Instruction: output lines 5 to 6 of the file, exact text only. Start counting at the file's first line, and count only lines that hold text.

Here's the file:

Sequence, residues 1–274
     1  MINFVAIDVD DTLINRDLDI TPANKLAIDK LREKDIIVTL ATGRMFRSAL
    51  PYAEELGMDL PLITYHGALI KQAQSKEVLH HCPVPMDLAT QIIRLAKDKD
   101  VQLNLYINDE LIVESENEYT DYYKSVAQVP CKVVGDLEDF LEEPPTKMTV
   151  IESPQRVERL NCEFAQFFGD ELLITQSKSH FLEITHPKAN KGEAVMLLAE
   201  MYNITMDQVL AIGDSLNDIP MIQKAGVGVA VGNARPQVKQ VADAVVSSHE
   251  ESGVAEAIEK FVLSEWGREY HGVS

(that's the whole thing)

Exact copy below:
   151  IESPQRVERL NCEFAQFFGD ELLITQSKSH FLEITHPKAN KGEAVMLLAE
   201  MYNITMDQVL AIGDSLNDIP MIQKAGVGVA VGNARPQVKQ VADAVVSSHE